Are they addictive?
No, they don't cause cravings or tolerance (where you need to take more and more of the drug to get the same effect). But there's no doubt you can get unpleasant, sometimes serious, flu-like symptoms if you stop taking them suddenly.
So the advice is not to miss doses and to come off them very gradually under your doctor's guidance.
Do they make you suicidal?
Most people won't have problems such as this, but there has been research linking SSRIs with an increase in suicidal thoughts or behaviour.
This is why your doctor is likely to want to monitor you pretty closely, especially during the first few weeks of treatment, or when changing your dose.
Despite the fact NICE advises against antidepressants for mild depression, GPs in England issued more than 31 million prescriptions for them in 2006 (6 per cent up on 2005).
But uncaring doctors aren't doling out antidepressants like sweeties. The real story is lack of access to talking therapies on the NHS, for which patients have to wait many months in some areas.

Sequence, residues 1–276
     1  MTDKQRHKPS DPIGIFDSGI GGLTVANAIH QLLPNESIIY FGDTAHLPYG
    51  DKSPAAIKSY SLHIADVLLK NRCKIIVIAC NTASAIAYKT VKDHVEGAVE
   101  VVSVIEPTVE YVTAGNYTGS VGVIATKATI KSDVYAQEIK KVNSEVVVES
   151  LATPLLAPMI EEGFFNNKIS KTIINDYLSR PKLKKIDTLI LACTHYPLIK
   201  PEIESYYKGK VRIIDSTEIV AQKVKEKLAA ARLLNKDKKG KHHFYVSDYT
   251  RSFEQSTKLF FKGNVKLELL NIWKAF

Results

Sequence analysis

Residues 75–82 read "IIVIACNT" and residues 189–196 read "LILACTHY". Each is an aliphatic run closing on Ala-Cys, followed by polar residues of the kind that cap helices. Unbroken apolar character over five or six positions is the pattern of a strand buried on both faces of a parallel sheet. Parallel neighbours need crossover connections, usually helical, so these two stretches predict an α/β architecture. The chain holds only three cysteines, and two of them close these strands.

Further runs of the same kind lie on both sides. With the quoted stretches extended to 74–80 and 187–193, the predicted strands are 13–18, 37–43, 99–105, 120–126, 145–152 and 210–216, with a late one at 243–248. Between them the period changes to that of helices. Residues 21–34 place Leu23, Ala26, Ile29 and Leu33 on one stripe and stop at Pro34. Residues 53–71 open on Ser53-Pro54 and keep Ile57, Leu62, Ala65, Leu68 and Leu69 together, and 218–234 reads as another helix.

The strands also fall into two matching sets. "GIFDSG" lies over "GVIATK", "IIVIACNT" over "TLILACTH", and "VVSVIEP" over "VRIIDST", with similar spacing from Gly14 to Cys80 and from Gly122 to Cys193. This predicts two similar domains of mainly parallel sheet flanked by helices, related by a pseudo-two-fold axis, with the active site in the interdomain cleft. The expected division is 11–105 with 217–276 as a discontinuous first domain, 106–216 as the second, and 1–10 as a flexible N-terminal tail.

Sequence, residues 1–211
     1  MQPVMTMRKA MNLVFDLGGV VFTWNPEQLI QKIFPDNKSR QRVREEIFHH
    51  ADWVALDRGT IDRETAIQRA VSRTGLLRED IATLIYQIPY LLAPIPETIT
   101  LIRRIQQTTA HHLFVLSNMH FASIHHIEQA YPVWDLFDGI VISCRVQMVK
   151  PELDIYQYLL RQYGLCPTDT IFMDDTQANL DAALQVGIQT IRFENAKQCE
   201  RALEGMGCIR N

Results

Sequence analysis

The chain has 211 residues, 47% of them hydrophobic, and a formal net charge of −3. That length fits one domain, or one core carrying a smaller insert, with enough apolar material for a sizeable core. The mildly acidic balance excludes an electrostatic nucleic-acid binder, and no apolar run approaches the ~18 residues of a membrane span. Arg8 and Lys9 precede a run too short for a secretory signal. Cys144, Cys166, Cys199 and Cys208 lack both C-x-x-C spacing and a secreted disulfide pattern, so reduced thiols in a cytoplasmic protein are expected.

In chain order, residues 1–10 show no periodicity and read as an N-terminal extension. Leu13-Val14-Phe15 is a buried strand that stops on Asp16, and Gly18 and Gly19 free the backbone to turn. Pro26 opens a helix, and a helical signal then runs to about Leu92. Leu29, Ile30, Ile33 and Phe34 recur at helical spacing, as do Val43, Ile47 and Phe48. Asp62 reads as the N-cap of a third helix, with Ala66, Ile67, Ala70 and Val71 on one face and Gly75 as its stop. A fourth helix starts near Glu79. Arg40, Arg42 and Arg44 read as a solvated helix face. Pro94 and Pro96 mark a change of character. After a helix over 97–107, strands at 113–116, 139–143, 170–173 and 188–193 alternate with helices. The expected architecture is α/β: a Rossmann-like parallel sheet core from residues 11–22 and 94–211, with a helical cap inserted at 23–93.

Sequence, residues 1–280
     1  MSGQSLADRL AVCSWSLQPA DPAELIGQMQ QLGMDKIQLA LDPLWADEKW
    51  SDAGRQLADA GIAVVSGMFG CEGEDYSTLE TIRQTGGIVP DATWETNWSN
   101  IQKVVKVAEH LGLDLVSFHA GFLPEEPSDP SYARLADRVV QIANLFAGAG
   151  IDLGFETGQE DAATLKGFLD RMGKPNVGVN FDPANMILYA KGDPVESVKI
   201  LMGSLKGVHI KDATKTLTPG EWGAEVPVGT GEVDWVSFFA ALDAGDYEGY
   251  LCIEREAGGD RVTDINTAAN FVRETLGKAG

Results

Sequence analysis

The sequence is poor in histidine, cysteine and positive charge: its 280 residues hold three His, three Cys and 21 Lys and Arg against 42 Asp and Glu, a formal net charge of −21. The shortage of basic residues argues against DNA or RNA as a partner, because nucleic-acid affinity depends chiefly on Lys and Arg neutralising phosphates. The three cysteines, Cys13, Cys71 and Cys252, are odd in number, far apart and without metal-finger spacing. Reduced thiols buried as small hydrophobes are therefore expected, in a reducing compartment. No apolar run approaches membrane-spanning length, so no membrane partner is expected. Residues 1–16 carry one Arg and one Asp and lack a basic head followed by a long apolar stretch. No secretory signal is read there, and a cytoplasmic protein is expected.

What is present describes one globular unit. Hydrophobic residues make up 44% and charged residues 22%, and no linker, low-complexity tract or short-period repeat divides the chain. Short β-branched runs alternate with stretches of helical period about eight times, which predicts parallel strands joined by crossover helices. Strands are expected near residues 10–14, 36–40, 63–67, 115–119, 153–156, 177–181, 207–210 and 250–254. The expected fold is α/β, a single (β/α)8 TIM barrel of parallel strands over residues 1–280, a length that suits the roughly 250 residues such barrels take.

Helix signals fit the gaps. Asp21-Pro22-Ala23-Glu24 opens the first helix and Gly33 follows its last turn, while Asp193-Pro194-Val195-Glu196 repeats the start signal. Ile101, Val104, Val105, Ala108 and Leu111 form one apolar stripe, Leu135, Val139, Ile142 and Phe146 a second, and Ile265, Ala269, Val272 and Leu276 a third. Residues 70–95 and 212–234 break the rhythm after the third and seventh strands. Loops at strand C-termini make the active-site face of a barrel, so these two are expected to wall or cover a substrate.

GPs, in wanting to help you, find themselves in a sticky position: do they stick to the guidance and offer you nothing for several months, or do they stick their necks out and offer you an SSRI while you're waiting for therapy?
There's evidence the so-called talking therapies can be very effective in treating depression, either on their own or, if the problem's more severe, in combination with antidepressants.
The main ones are cognitive behaviour therapy (CBT), problem-solving therapy and counselling. These are all more about practical ways to change your thinking patterns than delving into the recesses of your childhood.
For milder depression, I often recommend either self-help books based on the cognitive behaviour approach, or online programmes, such as Mood Gym, offering a form of CBT.
There's no waiting list, you can take it at your own pace, and it's often enough to help you out of the depression pit without resorting to pills.
Dr Graham Easton works in a London GP practice with around 10,000 patients. It has three GP partners, three salaried doctors and fully computerised medical records. His medical training was at The Royal London Hospital. He's also an experienced medical journalist who has worked for BBC Radio Science and the British Medical Journal.